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Published every Monday by the Office of the Federal Register, National 
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Compilation of Presidential Documents contains statements, messages, and
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[[Page 1731]]

[Weekly Compilation of Presidential Documents]

[Page 1731-1732]
Monday, September 14, 1998
Volume 34--Number 37
Pages 1731-1767
Week Ending Friday, September 11, 1998
The President's Radio Address

September 5, 1998

    Good morning. On this Labor Day weekend, when we celebrate the 
dignity of work and enjoy the fruits of our labor, I want to talk to you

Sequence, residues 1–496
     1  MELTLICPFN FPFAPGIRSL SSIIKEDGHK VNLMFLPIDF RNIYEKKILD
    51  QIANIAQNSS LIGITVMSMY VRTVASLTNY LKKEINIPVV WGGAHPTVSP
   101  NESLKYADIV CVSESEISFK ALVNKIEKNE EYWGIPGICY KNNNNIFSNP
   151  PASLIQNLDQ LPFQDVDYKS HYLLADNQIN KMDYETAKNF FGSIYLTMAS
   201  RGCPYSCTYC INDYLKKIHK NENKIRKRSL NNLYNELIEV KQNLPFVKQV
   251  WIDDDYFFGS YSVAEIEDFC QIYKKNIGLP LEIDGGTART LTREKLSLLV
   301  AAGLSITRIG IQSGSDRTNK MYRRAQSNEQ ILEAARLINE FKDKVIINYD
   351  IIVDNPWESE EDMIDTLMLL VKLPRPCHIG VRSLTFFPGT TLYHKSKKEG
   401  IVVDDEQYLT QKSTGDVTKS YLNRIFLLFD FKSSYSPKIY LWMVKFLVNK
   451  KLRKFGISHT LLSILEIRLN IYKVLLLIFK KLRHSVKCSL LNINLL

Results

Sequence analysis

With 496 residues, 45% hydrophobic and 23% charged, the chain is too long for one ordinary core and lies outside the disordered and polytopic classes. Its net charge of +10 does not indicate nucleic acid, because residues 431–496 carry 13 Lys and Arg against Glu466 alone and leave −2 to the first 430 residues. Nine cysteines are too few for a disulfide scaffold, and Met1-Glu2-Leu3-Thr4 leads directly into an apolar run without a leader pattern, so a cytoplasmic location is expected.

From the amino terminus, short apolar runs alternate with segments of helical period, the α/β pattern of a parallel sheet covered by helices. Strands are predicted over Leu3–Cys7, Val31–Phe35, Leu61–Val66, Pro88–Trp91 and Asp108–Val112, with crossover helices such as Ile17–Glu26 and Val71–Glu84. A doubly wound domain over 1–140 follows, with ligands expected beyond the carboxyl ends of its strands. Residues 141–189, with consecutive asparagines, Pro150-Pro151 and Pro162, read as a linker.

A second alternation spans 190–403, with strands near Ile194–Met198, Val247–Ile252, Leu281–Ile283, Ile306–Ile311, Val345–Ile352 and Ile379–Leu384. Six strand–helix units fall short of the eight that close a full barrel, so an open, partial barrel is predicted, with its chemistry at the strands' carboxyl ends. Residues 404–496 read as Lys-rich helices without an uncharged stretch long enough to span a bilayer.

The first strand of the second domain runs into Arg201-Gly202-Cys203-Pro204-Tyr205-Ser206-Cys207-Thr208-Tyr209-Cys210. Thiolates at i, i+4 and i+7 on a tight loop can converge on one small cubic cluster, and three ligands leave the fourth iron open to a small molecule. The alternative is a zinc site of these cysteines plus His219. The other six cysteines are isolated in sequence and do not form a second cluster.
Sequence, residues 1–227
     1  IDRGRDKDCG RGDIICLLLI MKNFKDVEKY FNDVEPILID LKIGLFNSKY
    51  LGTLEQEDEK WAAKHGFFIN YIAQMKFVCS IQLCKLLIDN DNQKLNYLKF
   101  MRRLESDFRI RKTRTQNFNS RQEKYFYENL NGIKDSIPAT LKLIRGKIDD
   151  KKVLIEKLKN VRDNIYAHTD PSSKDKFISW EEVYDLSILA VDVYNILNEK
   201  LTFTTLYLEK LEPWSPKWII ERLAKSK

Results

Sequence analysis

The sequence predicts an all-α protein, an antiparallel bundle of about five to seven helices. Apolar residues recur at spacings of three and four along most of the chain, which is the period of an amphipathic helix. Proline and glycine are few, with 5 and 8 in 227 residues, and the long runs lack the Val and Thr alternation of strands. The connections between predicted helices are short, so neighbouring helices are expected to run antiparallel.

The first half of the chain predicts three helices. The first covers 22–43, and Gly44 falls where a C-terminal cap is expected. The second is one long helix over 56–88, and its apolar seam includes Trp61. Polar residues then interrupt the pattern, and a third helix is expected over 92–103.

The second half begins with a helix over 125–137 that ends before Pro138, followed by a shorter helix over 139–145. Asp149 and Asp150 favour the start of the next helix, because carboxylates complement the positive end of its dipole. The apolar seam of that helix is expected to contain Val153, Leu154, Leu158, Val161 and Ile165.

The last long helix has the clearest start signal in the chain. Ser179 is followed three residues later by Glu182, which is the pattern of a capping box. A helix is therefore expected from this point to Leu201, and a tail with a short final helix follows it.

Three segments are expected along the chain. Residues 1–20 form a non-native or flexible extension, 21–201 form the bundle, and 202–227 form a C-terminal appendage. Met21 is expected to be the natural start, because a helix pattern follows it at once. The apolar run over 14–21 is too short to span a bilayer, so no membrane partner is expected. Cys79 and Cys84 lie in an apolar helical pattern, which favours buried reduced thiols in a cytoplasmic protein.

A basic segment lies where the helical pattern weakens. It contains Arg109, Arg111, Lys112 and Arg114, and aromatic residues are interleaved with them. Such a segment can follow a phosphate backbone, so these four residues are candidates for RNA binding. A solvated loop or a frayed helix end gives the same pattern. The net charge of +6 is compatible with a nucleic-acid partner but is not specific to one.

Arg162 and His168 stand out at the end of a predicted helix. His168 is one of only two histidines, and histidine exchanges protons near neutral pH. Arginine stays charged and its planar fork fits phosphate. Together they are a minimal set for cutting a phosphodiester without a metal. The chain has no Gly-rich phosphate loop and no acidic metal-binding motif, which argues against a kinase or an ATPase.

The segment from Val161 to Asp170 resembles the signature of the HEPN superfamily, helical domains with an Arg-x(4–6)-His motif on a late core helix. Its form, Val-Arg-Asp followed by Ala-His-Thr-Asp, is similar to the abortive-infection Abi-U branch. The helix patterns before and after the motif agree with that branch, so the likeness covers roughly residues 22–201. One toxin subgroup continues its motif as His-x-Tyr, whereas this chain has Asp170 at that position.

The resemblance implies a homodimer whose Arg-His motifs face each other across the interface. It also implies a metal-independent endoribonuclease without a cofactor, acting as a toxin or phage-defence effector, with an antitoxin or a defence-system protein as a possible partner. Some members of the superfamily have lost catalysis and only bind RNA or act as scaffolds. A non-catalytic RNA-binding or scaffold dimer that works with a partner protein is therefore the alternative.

about the continuing strength of America's economy and what we must do 
to continue our progress in the face of increasing uncertainty in the 
global economy.
    As you know, I am just completing a trip to Russia, which has had a 
great deal of difficulty as a result of the loss of investment from 
overseas, and to Ireland, which has done much, much better because of 
its commitment to open trade and its ability to attract investment from 
all around the world.
    At home, yesterday, we learned that the unemployment rate remained 
at 4.5 percent, more evidence of the continued health of the American 
economy, at the same time as financial turmoil has struck several 
countries, particularly in Asia and in Russia, and is now being felt in 
our own stock market.
    This proves the point I have made again and again since taking 
office: We are in a global economy, and we are affected by events beyond 
our shores. We cannot ignore them. And when we do things to help others 
meet their economic challenges, we are helping ourselves.